• Branxholm’s Neil Auton.

• Branxholm’s Neil Auton.

By Daisy Baker
18 July, 2018

NEIL Auton has called the North-East home for more than 90 years and still lives in Branxholm in a house not too far from where he was raised.
He says growing up in a family of eight children during the Depression and the second world war, things were tough.
“Everybody was poor but we didn’t know it, we were just growing up you see,” he says.
“We always had food to eat and a bed to sleep in.
“We came out of the Depression and things just started to improve, then the war started in 1939 so then there was six years of war.”
Mr Auton joined the army after the war ended, as part of the British Commonwealth Occupational Forces in Japan.
“Here I was, a boy from the bush who’d never been past Launceston and went to the other side of the world for two years,” he laughs.
“It was marvellous, you see because there was no war, it was peace time.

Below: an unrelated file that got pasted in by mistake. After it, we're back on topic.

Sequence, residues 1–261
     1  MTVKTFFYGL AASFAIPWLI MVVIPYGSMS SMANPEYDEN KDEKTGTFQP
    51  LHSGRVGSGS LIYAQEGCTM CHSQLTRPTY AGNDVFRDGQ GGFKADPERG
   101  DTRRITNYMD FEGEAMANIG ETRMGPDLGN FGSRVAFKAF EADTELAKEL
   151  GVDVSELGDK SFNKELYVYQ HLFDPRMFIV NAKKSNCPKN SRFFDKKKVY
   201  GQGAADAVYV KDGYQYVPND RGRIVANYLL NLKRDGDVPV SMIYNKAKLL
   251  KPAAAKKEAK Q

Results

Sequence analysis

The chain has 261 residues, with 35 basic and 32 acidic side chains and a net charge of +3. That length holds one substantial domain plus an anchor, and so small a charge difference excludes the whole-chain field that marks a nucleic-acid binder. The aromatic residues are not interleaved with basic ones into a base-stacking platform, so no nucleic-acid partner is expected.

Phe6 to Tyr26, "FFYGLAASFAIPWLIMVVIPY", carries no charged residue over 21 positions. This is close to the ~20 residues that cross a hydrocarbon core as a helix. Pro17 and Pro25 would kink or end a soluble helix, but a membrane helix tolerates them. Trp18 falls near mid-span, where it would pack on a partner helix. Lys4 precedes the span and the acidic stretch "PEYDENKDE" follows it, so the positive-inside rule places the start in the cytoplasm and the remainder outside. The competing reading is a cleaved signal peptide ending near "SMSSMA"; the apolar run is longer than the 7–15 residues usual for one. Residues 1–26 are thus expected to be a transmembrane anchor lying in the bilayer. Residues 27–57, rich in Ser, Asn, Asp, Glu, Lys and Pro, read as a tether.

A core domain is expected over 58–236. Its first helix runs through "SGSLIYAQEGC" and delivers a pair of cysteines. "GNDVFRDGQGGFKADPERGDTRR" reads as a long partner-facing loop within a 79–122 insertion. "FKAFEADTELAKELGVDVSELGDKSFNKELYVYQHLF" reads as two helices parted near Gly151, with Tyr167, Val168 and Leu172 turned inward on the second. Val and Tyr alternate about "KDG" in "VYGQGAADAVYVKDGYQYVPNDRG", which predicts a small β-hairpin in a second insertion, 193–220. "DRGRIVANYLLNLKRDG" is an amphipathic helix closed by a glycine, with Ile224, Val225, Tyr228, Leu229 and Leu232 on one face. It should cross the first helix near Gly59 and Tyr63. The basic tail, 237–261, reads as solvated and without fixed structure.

“I did a transport course in Australia and away I went – working over there as a truck driver.”
He returned to Branxholm before his 21st birthday, and started working in forestry, falling trees with axes and planting pines in winter time.
Several years later, he turned his hand to tin mining.
He’s a self-described mining buff and has found several water races and tunnels in the years that followed.
After carting timber for almost 18 years, Mr Auton bought a school bus and drove high school children from Derby to Scottsdale for 29 years.
When he wasn’t working, Mr Auton loved to dance.
He says he won several waltzing competitions and fondly remembers teaching a group of 30 or so local children to dance before a local debutant ball, alongside Jenny Brown.
“For three months I went down on a Tuesday night and I didn’t think they’d get it but then a week before the ball they came together and never made a mistake,” he laughs
It’s through dancing that he met his partner Judy and he says they frequented local dances and balls.
These days, Mr Auton is an avid reader and enjoys gardening, particularly growing dahlias.
Several years ago, he won first place at the Branxholm flower show for an arrangement of his dahlias.
Mr Auton has four children, 13 grandchildren, and at last count, 27 great grandchildren.
“I’m lucky to have my family all around me and to have been such a big part of their lives.”